- a prominent or conspicuous part or characteristic: Tall buildings were a new feature on the skyline.
- something offered as a special attraction: This model has several added features.
- Also called feature film. the main motion picture in a movie program: What time is the feature?
- any part of the face, as the nose, chin, or eyes: prominent features.
- features, the face; countenance: to compose one’s features for the photographers.
- the form or cast of the face: delicate of feature.
- a column, cartoon, etc., appearing regularly in a newspaper or magazine.
- feature story.
- Archaic. make, form, or shape.
verb (used with object), fea·tured, fea·tur·ing.
- to be a feature or distinctive mark of: It was industrial expansion that featured the last century.
- to make a feature of; give prominence to: to feature a story or picture in a newspaper.
- to delineate the main characteristics of; depict; outline.
- Informal. to conceive of; imagine; fancy: He couldn’t quite feature himself as a bank president.
- Older Use. to resemble in features; favor.
verb (used without object), fea·tured, fea·tur·ing.
- to play a major part.
- any one of the parts of the face, such as the nose, chin, or mouth
- a prominent or distinctive part or aspect, as of a landscape, building, book, etc
- the principal film in a programme at a cinema
- an item or article appearing regularly in a newspaper, magazine, etca gardening feature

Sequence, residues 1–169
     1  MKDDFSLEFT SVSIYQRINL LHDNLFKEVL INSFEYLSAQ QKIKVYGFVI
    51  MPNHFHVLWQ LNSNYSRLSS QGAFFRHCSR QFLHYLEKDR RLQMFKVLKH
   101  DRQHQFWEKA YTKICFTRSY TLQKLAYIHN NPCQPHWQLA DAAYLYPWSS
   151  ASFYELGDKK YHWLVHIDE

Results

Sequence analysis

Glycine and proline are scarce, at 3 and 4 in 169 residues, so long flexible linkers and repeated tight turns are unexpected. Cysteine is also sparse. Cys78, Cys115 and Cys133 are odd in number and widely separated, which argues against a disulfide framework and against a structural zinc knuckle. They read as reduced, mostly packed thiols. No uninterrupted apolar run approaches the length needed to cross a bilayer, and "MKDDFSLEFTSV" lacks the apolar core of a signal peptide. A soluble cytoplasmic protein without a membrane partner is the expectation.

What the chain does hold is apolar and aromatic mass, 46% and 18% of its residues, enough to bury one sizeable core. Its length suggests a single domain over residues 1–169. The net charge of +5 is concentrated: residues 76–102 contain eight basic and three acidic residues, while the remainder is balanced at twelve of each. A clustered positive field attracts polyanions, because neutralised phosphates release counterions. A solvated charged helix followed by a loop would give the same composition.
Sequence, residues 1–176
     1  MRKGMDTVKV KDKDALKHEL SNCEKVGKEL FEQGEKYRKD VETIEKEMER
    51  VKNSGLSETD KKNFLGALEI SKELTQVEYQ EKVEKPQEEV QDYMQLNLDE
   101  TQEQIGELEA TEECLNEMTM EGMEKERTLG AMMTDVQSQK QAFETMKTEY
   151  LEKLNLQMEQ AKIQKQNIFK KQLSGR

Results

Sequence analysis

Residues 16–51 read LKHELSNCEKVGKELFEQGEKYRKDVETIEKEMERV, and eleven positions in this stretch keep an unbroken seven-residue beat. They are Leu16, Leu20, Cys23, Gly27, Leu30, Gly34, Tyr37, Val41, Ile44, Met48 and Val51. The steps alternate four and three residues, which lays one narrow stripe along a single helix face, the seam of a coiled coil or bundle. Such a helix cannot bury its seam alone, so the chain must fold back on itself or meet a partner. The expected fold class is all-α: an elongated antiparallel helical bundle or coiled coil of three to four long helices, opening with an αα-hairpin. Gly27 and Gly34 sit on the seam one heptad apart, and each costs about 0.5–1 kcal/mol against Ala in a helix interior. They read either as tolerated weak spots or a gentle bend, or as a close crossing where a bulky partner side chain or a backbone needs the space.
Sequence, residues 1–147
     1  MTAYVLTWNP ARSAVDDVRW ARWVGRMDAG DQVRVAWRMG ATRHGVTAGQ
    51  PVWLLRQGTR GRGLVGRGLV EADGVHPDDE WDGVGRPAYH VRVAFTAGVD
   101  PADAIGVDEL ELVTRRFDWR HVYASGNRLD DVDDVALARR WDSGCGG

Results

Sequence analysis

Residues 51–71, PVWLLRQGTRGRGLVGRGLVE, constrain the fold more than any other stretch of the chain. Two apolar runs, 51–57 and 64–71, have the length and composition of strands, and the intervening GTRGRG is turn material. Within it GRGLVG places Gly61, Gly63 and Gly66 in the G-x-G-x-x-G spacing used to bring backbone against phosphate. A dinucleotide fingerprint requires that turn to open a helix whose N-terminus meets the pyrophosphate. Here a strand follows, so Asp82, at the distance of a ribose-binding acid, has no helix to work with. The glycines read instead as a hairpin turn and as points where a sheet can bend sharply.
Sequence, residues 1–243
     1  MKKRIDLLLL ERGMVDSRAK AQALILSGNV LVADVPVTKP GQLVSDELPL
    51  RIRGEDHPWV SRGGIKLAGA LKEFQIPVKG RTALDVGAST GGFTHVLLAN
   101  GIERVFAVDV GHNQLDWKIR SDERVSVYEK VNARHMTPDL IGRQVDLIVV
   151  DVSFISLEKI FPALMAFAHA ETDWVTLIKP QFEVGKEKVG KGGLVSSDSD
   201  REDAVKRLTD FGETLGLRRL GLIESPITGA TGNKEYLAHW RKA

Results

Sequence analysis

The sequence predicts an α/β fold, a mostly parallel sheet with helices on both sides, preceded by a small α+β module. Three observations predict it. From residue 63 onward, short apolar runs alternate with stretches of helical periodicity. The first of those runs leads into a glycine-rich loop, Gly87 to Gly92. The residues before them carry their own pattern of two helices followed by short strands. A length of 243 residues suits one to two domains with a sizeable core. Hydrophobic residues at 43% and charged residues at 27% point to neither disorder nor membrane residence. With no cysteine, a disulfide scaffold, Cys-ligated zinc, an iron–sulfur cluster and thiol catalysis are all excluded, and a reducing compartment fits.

- Also called: feature story a prominent story in a newspaper, etca feature on prison reform
- a programme given special prominence on radio or television as indicated by attendant publicity
- an article offered for sale as a special attraction, as in a large retail establishment
- archaic general form or make-up
- linguistics a quality of a linguistic unit at some level of descriptiongrammatical feature; semantic feature
- (tr) to have as a feature or make a feature of
- to give prominence to (an actor, famous event, etc) in a film or (of an actor, etc) to have prominence in a film
- (tr) US informal to imagine; considerI can’t feature that happening
early 14c., “make, form, fashion,” from Anglo-French feture, from Old French faiture “deed, action; fashion, shape, form; countenance,” from Latin factura “a formation, a working,” from past participle stem of facere “make, do, perform” (see factitious). Sense of “facial characteristic” is mid-14c.; that of “any distinctive part” first recorded 1690s. Entertainment sense is from 1801; in journalism by 1855. Meaning “a feature film” is from 1913.
1755, “to resemble,” from feature (n.). The sense of “make special display or attraction of” is 1888; entertainment sense from 1897. Related: Featured; featuring.